Although hippophagy (eating horse meat) is strongly disliked by over 80% of Americans, the custom is accepted in other parts of the world.  The European Union is one of the main destinations for the exported meat, along with Russia and Asia. In January of 2013, the “Burger-Gate scandal” broke the news that Burger King, Ikea, Taco Bell, & Buitoni (in Europe) and other prepared foods contained large amounts of horse meat, in what is supposed to be 100% beef.

The concern that a Burger-Gate could happen in America is valid; and of major concern since some of the horses led to slaughter are exposed to strong pharmaceutical drugs that are toxic to humans. Concerns about the meat being sold domestically by horse slaughter ghouls to blend in with beef for fast food restaurants, and processed food giants looms in the shadow of the European scandal from earlier this year. The circumstantial evidence asks,  if horse meat was labelled as beef in Europe and passed, could it have been successfully mislabelled in America. The USDA adamantly states that no such mislabelling or meat fraud has happened domestically. Yet, long after consumption demand dropped in Europe, horses were being shipped for slaughter to Canada and Mexico, and the numbers didn’t add up.

The number of U.S. horses sent to other countries for slaughter has nearly tripled since domestic slaughter was banned in 2006, according a 2011 report from the Government Accountability Office, and yet the demand for it wasn’t proportional to the export.

We have been watching the numbers of U.S. horses slaughtered closely, because we knew they would tell us how much of the meat from our horses was being sold as beef,” states John Holland, President of the Equine Welfare Alliance.

How much? A great deal of it, Holland says.

The discovery of horse meat sold as beef explains why more U.S horses were being exported for slaughter despite a decade-long slump in direct consumption of horse meat in the EU. More than 160,000 U.S. horses were slaughtered for their meat in 2012.

The number of U.S. horses sent to other countries for slaughter has nearly tripled since domestic slaughter was banned in 2006, according a 2011 report from the Government Accountability Office, the only way to account for the discrepancy is to recognize that the meat has been sold falsely as beef on the international market, which means it could very well have happened domestically.

Legal counsel for Valley Meat Co. said today that there is a domestic demand for it with the U.S, and that yes, the company is capable and willing to supply those demands. The demand for horse meat raises another concern for those interested diners, is it safe to eat livestock that wasn’t intentionally raised to end up on our plate? Many of the horses that end up in auction houses have been exposed to pharmaceutical drugs that are toxic to humans. Drugs like Bute (phenylbutazone) and Banamine (flunixin meglumine) are routinely administered to injured race horses, and work horses alike, as they are anti-inflammatory. Canada’s reporting system for identifying horses that have been exposed to these drugs is weak and filled with fraud by kill buyers. Slaughter house ghouls have been known to lie on the intake cards that are presented at auction, leaving the system open to dishonest dealers, and kill buyers, whose only concern is to make a dollar.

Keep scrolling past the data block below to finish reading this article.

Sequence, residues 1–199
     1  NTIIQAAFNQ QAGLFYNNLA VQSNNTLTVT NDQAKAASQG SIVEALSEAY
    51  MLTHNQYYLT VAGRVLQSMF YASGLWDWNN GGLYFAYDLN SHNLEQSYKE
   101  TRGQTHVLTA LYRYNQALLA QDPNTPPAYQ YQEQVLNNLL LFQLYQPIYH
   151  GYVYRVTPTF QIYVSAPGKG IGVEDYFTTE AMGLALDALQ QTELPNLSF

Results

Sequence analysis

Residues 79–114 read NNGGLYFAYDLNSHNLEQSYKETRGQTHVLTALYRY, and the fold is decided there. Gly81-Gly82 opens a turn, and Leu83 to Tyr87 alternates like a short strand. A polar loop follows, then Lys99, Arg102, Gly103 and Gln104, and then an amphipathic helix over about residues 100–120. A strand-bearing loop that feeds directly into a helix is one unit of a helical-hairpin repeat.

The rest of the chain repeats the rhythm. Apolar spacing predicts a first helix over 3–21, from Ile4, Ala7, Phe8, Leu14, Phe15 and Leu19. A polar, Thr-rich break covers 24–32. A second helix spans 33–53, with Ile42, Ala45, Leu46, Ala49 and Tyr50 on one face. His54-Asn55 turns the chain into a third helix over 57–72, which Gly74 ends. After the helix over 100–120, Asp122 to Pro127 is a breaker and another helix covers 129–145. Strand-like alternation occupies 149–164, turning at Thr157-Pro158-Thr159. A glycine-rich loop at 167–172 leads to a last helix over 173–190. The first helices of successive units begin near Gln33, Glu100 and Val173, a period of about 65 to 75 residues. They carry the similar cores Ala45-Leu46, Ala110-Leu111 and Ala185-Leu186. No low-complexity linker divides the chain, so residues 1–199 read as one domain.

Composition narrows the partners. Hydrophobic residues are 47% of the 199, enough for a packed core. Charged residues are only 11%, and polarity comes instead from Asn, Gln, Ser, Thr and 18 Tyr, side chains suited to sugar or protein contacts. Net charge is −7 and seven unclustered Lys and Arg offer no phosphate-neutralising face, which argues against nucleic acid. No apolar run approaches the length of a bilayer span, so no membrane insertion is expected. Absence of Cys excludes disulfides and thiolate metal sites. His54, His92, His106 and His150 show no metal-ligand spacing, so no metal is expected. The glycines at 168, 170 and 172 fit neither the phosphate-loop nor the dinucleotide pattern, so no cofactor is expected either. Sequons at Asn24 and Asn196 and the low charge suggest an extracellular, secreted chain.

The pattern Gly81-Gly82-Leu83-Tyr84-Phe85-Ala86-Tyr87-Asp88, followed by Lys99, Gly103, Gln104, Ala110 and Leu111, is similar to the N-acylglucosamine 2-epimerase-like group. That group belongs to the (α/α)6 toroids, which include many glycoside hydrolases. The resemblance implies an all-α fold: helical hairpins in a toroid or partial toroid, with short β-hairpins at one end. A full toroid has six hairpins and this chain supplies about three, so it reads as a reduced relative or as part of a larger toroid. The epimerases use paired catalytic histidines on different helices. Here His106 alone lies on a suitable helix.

America has a lot to consider in this debate, over abattoirs  and hipphophagy, fancy ways of saying slaughter and consume horses. A minority group of chefs and exotic food lovers, are already beginning to consider the numerous possibilities for cuisine and hot new recipes, should horse meat become available within the United States. In the meantime, in other parts of the world, horse meat is on the menu, but can we stomach it?

follow me on twitter ~ Tonnya Marisse


Sources

Equistrian ChannelU.S Horse Industry Statistics

HorseFundFact Sheet

HSI Canada – Fast Facts on Canada’s Horse Slaughter

Huffington Post U.K – Burger King UK Reputation Damaged by Horsemeat Scandal

Huffington Post Weird NewsIs Horsemeat Legal In the United States? Yes and We Ate Some

Latitude NewsShady Trade in Horsemeat

Montreal Gazette – US officials approve only horse slaughterhouse in the country, but ban still pursued

Reuters U.SU.S Approves a horseslaughter house, sees two more plants

Wildhorse Foundation.Org – More Horses and Cattle Found Starving to Death